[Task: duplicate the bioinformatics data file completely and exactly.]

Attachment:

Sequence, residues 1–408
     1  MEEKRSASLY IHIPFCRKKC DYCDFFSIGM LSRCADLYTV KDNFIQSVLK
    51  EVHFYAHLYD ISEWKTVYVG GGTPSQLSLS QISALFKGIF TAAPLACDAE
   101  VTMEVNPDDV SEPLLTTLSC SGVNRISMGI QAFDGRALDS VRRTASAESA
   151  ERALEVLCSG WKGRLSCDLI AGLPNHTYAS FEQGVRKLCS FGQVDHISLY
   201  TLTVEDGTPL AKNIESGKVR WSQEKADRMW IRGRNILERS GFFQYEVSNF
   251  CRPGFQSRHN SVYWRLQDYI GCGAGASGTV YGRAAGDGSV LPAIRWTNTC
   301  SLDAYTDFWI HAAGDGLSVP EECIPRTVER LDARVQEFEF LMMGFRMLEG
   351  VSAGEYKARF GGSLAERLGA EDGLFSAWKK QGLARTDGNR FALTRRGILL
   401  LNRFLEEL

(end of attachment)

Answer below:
Sequence, residues 1–408
     1  MEEKRSASLY IHIPFCRKKC DYCDFFSIGM LSRCADLYTV KDNFIQSVLK
    51  EVHFYAHLYD ISEWKTVYVG GGTPSQLSLS QISALFKGIF TAAPLACDAE
   101  VTMEVNPDDV SEPLLTTLSC SGVNRISMGI QAFDGRALDS VRRTASAESA
   151  ERALEVLCSG WKGRLSCDLI AGLPNHTYAS FEQGVRKLCS FGQVDHISLY
   201  TLTVEDGTPL AKNIESGKVR WSQEKADRMW IRGRNILERS GFFQYEVSNF
   251  CRPGFQSRHN SVYWRLQDYI GCGAGASGTV YGRAAGDGSV LPAIRWTNTC
   301  SLDAYTDFWI HAAGDGLSVP EECIPRTVER LDARVQEFEF LMMGFRMLEG
   351  VSAGEYKARF GGSLAERLGA EDGLFSAWKK QGLARTDGNR FALTRRGILL
   401  LNRFLEEL